Contains the full lesson along with a supporting toolkit, including teachers’ notes.
In 1804 Campillo (in Spain) devised a system with about 35 wires (one for each letter etc.) connected to a set of tubes of dilute acid at the receiving end. When the sender connected a battery to the wires at one end, bubbles appeared in the corresponding tube at the other end. An improved version was made by von Sömmering in 1809 which operated over a distance of a few kilometres. However, these electrochemical systems were complicated, slow and unreliable. In 1820 the potential of long distance electric communication improved greatly with the accidental discovery of the magnetic effect of electric current by Oerstedt. Over the following 25 years or so several electromagnetic communication systems were devised, generally using several wires. The first public telegraphy company in the world — the Electric Telegraph Company — was established in England In 1845. Meanwhile other systems were devised in the United States. Samuel Morse devised a coding system for the letters of the alphabet and numerals. Each letter was represented by a series of short and long pulses (usually called ‘dots’ and ‘dashes’). Morse’s system needed only one signal wire (along with a ground ‘wire’). An added advantage of his code was that messages could be sent at sea using lamps.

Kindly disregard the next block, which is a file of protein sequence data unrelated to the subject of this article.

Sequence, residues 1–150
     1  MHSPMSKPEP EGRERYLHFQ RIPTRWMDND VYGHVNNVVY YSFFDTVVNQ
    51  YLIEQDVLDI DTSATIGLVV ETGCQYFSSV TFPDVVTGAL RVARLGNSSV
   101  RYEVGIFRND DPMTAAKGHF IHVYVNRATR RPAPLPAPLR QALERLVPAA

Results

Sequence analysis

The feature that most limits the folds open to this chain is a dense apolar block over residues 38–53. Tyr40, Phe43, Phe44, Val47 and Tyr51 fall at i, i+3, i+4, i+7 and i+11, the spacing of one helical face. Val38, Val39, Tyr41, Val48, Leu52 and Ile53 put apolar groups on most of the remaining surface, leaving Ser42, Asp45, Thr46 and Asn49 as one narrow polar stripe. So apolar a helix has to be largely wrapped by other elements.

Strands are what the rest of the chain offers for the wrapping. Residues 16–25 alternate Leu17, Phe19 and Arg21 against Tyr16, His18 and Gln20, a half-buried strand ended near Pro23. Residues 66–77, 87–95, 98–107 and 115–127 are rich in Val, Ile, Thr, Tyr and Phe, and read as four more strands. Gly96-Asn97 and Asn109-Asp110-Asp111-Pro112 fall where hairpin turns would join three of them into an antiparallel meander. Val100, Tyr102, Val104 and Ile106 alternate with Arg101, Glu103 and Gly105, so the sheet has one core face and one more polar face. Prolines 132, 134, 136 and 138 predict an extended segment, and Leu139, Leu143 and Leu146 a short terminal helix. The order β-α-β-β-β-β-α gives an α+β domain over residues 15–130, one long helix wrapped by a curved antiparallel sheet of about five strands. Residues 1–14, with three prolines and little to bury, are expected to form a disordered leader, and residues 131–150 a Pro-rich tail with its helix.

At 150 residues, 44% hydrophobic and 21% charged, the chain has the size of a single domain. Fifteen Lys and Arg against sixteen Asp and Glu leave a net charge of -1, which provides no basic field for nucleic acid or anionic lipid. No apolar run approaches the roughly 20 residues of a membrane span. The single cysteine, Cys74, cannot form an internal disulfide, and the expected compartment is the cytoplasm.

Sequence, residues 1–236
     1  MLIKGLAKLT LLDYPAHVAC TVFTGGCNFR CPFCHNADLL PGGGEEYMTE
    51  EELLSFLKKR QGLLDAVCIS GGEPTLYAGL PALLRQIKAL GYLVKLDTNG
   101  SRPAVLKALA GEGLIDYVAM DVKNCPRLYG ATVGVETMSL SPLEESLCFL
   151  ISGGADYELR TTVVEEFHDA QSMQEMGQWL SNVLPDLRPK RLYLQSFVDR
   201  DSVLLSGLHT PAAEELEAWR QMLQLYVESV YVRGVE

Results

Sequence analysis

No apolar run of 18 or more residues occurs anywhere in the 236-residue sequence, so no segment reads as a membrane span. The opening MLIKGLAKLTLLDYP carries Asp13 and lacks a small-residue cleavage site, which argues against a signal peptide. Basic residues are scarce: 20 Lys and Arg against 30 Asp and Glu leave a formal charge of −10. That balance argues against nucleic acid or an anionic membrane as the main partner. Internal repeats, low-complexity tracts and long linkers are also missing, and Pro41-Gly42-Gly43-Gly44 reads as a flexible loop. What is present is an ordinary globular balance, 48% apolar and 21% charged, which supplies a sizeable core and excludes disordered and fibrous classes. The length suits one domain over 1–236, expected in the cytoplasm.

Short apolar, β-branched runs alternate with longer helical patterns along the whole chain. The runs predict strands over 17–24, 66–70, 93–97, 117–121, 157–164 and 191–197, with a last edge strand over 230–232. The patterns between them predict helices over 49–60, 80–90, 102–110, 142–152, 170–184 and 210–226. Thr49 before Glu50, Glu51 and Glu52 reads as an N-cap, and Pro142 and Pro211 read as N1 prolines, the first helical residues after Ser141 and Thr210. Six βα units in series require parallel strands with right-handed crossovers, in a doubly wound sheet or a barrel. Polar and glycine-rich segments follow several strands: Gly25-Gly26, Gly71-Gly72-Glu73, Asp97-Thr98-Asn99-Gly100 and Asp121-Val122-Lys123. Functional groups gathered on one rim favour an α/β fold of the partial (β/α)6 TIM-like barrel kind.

By 1851 Morse code was effectively the international standard telecommunications system and remained in widespread use for over 100 years. (In fact it was used as an international standard for maritime distress calls until 1999.)
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Its remit covers all kinds of transmission networks including: